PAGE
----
> I see no way that extender patties could deliver the recommended label dose as bees do not follo directions well when it comes to consuming  pollen patties, grease patties and the like. Mostly too fast or too slow
> and seldom just right.

In nature, there is variation. No matter what application method is used, some degree of unevenness is likely. The question is whether the method hits the window between inefficacy and toxicity. In rapid dose application, the operator must make the judgment. We have many, many stories of hired help misunderstanding instructions and over applying, or simply not bothering to do the job properly. With many application methods, we cannot tell afterwards if the job was done right, or at all. With a method like extender patties, dosage and placement can be verified for some time after.

> I realize that there is no direct causal relationship, but it certainly is convincing, to me, since extender patties were followed by resistance.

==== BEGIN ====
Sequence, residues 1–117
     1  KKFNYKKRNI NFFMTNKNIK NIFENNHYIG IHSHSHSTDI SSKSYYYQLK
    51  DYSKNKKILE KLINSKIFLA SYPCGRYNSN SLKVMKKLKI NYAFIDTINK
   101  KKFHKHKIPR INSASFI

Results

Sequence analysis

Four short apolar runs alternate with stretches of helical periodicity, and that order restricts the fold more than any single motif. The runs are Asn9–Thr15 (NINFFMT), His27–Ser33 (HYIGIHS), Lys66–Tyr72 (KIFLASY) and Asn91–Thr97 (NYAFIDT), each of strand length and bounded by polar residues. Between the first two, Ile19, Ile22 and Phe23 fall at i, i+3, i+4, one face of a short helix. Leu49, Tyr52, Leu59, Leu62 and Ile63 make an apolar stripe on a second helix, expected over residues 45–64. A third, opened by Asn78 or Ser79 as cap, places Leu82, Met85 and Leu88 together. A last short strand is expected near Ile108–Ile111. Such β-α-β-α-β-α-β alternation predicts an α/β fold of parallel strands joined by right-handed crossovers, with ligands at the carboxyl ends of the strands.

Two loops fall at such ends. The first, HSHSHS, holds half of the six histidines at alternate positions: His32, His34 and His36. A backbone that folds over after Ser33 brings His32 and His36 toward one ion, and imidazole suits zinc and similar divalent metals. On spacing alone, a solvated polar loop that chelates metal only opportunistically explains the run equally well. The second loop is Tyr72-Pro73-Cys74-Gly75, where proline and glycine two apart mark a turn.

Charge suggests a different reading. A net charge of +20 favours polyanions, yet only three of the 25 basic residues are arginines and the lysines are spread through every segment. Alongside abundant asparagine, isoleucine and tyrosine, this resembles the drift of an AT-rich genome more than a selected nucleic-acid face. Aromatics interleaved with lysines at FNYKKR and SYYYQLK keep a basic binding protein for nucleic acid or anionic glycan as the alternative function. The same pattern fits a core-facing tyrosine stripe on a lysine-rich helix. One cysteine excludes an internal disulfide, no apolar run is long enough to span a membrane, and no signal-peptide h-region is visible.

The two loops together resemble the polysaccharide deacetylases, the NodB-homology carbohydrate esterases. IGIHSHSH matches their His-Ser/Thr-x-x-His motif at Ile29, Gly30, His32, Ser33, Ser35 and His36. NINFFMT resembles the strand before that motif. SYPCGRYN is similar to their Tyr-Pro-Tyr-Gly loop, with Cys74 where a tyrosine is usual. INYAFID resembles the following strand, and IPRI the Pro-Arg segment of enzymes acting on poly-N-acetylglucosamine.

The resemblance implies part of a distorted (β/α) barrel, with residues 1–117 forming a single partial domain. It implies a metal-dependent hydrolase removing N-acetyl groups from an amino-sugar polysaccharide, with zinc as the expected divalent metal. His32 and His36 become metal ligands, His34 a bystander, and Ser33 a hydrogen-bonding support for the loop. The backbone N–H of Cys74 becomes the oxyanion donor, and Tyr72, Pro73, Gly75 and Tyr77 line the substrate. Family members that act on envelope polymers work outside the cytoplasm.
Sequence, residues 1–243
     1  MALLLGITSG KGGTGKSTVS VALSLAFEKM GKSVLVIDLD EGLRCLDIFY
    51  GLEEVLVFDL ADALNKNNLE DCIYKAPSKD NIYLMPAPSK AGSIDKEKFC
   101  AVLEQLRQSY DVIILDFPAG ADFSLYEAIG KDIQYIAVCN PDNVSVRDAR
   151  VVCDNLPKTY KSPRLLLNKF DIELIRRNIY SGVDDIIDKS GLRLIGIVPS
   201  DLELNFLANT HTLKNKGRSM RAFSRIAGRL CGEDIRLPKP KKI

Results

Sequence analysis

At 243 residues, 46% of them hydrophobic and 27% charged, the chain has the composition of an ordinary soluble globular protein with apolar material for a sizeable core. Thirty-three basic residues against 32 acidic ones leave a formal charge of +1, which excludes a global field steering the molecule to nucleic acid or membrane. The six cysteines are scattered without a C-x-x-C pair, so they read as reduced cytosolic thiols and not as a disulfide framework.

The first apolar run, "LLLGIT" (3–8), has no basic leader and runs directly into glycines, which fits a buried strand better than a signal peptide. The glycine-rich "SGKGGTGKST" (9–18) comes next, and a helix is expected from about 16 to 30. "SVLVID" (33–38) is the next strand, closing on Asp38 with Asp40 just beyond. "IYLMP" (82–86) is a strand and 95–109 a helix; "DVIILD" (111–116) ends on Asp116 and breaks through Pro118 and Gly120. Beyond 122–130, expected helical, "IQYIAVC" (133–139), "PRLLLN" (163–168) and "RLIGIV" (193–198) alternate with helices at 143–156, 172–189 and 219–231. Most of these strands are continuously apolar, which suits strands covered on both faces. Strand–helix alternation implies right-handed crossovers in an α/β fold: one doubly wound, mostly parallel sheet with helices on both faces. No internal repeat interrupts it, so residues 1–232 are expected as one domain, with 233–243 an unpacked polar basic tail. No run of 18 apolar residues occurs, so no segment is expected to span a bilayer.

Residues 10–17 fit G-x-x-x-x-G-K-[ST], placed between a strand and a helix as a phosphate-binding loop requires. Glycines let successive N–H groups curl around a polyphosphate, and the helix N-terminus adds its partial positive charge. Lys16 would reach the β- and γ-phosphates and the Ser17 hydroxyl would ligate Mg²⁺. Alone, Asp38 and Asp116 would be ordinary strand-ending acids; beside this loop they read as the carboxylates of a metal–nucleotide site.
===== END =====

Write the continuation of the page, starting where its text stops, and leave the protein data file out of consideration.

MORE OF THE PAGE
We have a term for that popular logical vulnerability: Post hoc ergo propter hoc

> Also, the problem with extender patties is they were too easy to apply and became preventative rather than a treatment for AFB. We certainly know that antibiotic resistance occurs when they are used when they are not needed and used too often, which fits extender patties directly.

Well that is a wide, sweeping claim that I cannot tackle in a few paragraphs. Listing the exceptions, conditions and logical problems in it is beyond my current resource allocation to this recurring slander. Granted there is some truth in there, but I really do not know where to start to take it apart. It is a sort of "Have you quit beating your wife, yet" kind of gambit.